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I'v been making a game in java from scratch and have recently come to an issue when trying to color black and white BuffereImages. I want to keep the darkness of the pixels (if that makes any sense). For example, the grass in Minecraft is a gray image, but when seen in game it comes in different shades of green, but keeps its value. I don't have any code to show because I don't know where to start. All I have is a couple BufferedImages that I want to color. Thanks.

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You can use the black and white as an alpha mask (whiter means ligher green, black means darker green or vice-versa). See stackoverflow.com/questions/221830/… for one approach –  lreeder Dec 26 '13 at 18:57
so use a solid color and display a half transparent version of the image on top of it? –  8bitslime Dec 26 '13 at 19:02
Yes, that's it in a nutshell. –  lreeder Dec 26 '13 at 19:05
That worked great! but I used my graphics object to display a green sheet over it, this may seem stupid, but how would I set 1 tile to the color and save the image? –  8bitslime Dec 26 '13 at 19:14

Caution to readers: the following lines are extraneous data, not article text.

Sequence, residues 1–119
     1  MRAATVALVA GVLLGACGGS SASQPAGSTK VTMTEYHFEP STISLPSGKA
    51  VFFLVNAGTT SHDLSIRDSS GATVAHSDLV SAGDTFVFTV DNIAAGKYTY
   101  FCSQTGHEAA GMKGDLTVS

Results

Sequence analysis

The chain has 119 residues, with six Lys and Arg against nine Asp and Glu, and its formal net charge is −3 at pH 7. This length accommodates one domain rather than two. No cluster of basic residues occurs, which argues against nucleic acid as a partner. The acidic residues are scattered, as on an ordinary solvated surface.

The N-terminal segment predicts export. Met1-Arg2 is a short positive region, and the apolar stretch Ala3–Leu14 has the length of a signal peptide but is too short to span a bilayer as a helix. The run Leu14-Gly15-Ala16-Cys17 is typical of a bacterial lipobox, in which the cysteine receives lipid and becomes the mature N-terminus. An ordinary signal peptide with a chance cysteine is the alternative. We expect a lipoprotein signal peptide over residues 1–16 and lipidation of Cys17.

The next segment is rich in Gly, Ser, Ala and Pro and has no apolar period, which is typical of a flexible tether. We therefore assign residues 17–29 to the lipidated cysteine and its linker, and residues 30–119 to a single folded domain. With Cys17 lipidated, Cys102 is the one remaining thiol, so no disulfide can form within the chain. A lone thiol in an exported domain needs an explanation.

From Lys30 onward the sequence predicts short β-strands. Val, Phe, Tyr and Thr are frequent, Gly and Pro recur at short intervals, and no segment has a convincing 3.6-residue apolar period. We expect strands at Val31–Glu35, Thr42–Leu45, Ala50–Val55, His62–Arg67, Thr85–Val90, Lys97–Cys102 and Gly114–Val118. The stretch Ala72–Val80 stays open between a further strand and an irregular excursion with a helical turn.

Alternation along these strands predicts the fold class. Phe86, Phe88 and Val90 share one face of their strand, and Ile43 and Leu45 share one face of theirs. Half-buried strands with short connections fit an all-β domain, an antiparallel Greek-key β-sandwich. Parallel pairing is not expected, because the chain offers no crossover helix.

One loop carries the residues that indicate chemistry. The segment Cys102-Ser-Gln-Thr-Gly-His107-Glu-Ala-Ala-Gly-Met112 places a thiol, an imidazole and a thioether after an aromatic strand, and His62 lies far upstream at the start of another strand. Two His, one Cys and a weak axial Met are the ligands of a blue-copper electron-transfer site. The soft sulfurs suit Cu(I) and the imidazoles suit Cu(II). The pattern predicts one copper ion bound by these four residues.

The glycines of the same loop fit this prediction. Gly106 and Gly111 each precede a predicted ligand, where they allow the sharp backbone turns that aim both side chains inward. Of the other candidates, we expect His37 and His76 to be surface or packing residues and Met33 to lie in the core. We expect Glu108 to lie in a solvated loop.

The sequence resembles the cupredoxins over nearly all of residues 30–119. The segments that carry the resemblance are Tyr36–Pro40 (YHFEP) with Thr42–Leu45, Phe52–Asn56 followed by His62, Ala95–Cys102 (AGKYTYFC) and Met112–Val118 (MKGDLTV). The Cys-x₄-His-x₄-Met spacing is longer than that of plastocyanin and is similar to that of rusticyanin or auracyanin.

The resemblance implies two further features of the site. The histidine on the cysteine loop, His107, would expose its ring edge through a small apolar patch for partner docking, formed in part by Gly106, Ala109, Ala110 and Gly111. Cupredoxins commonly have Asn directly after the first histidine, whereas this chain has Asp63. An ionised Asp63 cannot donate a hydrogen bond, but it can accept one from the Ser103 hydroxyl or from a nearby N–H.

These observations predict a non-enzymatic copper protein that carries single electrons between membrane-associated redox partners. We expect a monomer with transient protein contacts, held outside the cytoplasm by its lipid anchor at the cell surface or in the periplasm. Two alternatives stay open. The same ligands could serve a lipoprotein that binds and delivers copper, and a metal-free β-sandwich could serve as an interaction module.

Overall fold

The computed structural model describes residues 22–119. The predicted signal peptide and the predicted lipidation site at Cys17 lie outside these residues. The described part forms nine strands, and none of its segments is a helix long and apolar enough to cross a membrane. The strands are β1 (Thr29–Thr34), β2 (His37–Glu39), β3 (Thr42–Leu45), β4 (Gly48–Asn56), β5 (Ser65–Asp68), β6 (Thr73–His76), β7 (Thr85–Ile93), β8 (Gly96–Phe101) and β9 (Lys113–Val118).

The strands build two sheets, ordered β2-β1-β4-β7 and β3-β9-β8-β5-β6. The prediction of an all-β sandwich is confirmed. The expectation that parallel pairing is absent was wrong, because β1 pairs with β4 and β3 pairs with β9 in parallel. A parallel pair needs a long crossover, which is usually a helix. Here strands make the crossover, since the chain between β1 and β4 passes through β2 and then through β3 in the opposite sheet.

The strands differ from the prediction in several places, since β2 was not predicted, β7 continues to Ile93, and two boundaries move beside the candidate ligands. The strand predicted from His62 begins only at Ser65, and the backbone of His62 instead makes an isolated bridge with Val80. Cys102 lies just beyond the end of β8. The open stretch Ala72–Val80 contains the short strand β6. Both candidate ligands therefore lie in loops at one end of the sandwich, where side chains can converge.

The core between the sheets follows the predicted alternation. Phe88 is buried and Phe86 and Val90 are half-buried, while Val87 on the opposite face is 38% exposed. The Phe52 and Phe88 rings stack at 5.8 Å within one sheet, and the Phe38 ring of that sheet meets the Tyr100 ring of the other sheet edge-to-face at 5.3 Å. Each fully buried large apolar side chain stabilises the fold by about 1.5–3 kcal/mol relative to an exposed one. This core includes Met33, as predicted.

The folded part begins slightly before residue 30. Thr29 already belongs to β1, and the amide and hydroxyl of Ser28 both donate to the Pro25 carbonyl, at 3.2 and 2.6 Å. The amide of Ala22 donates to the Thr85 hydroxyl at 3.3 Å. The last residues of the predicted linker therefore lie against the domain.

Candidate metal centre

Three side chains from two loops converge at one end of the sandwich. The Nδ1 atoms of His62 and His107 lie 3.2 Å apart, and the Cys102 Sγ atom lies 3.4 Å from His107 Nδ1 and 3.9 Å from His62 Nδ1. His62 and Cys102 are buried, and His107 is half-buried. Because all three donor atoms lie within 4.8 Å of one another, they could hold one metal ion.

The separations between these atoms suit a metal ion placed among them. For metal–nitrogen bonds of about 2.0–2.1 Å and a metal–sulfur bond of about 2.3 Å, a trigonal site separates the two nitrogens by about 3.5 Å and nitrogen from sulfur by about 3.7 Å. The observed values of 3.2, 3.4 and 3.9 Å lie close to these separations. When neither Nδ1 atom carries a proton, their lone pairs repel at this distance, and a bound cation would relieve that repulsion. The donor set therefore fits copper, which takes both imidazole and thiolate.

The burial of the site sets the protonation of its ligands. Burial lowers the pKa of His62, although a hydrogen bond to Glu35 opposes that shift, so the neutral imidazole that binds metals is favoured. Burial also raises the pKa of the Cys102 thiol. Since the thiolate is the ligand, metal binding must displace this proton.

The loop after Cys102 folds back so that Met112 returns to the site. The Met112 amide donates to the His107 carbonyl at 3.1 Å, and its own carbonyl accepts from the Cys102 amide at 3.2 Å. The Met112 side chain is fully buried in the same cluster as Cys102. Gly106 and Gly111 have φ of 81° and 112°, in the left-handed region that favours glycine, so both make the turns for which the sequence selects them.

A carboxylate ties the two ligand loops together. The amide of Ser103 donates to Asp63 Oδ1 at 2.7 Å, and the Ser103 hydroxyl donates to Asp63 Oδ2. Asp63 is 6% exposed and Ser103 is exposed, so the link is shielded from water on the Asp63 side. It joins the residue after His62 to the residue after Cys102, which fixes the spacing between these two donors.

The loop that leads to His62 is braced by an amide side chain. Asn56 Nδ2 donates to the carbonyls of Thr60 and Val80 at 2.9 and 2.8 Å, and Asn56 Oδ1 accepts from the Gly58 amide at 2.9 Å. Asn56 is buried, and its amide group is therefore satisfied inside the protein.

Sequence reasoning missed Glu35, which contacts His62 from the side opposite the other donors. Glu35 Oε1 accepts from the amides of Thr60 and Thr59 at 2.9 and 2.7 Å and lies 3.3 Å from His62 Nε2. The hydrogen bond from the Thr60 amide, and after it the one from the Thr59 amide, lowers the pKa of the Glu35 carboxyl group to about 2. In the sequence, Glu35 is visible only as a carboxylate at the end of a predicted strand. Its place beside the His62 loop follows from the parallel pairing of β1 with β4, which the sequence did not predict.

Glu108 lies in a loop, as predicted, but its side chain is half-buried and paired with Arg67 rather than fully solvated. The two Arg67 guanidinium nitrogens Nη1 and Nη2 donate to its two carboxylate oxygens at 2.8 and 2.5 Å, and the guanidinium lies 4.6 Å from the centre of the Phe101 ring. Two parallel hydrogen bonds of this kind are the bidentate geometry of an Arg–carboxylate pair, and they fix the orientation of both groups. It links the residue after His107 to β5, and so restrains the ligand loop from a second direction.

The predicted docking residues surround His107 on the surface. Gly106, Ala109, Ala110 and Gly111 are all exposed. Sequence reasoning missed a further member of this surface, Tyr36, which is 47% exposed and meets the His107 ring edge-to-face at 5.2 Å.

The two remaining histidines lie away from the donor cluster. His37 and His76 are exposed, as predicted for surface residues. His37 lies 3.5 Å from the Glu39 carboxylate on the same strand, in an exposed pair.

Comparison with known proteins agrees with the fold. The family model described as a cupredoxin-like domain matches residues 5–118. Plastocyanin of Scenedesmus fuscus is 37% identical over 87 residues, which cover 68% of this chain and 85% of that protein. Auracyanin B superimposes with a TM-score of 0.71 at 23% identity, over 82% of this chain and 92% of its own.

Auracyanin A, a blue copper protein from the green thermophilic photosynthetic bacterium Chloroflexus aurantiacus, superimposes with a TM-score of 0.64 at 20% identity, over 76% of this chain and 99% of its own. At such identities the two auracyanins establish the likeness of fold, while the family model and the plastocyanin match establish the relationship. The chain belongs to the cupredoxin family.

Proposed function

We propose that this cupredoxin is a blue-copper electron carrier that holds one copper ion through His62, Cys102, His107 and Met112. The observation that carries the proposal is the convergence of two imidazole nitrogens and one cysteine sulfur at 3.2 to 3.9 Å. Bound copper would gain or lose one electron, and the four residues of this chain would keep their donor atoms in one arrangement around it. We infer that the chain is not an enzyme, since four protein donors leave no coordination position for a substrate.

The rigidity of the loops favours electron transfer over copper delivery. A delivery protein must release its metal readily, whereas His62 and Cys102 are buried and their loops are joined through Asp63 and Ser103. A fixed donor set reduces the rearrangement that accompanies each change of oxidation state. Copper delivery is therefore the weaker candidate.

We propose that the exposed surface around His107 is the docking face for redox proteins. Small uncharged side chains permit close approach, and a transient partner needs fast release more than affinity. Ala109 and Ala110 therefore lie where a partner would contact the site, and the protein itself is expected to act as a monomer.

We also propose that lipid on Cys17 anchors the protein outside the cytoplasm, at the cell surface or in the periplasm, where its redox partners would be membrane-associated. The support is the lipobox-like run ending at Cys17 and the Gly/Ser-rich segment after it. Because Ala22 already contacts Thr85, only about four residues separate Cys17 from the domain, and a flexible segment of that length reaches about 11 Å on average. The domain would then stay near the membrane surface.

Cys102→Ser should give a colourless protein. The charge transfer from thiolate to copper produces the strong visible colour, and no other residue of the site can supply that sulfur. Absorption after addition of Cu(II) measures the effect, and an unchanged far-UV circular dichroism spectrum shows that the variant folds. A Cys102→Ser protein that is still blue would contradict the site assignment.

Update your BufferedImage using the mask, then use ImageIO to write it to disk. See docs.oracle.com/javase/tutorial/2d/images/saveimage.html for ways to write a BufferedImage to specific file formas. –  lreeder Dec 26 '13 at 19:45

1 Answer 1

Use Color.getHSBColor() to find a gamut of saturations or values for a given hue, as shown here for saturation. Use a suitable LookupOp to update the the image, as shown in the articles cited here.

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